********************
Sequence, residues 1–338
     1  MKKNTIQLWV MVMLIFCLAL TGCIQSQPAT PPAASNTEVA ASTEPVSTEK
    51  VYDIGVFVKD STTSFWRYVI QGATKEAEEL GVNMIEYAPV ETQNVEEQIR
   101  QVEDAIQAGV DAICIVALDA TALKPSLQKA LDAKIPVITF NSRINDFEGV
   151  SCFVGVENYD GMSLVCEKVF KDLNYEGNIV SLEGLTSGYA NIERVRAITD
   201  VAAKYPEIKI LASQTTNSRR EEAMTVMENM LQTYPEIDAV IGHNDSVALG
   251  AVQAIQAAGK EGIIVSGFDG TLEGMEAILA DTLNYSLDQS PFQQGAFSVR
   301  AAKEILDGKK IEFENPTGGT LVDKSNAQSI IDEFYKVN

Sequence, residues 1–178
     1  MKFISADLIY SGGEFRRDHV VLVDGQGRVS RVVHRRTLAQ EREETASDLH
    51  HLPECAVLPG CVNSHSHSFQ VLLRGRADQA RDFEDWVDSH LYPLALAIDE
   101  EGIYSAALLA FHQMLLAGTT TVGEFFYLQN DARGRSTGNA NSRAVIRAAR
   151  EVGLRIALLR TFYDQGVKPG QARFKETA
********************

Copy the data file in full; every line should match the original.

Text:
Sequence, residues 1–338
     1  MKKNTIQLWV MVMLIFCLAL TGCIQSQPAT PPAASNTEVA ASTEPVSTEK
    51  VYDIGVFVKD STTSFWRYVI QGATKEAEEL GVNMIEYAPV ETQNVEEQIR
   101  QVEDAIQAGV DAICIVALDA TALKPSLQKA LDAKIPVITF NSRINDFEGV
   151  SCFVGVENYD GMSLVCEKVF KDLNYEGNIV SLEGLTSGYA NIERVRAITD
   201  VAAKYPEIKI LASQTTNSRR EEAMTVMENM LQTYPEIDAV IGHNDSVALG
   251  AVQAIQAAGK EGIIVSGFDG TLEGMEAILA DTLNYSLDQS PFQQGAFSVR
   301  AAKEILDGKK IEFENPTGGT LVDKSNAQSI IDEFYKVN

Sequence, residues 1–178
     1  MKFISADLIY SGGEFRRDHV VLVDGQGRVS RVVHRRTLAQ EREETASDLH
    51  HLPECAVLPG CVNSHSHSFQ VLLRGRADQA RDFEDWVDSH LYPLALAIDE
   101  EGIYSAALLA FHQMLLAGTT TVGEFFYLQN DARGRSTGNA NSRAVIRAAR
   151  EVGLRIALLR TFYDQGVKPG QARFKETA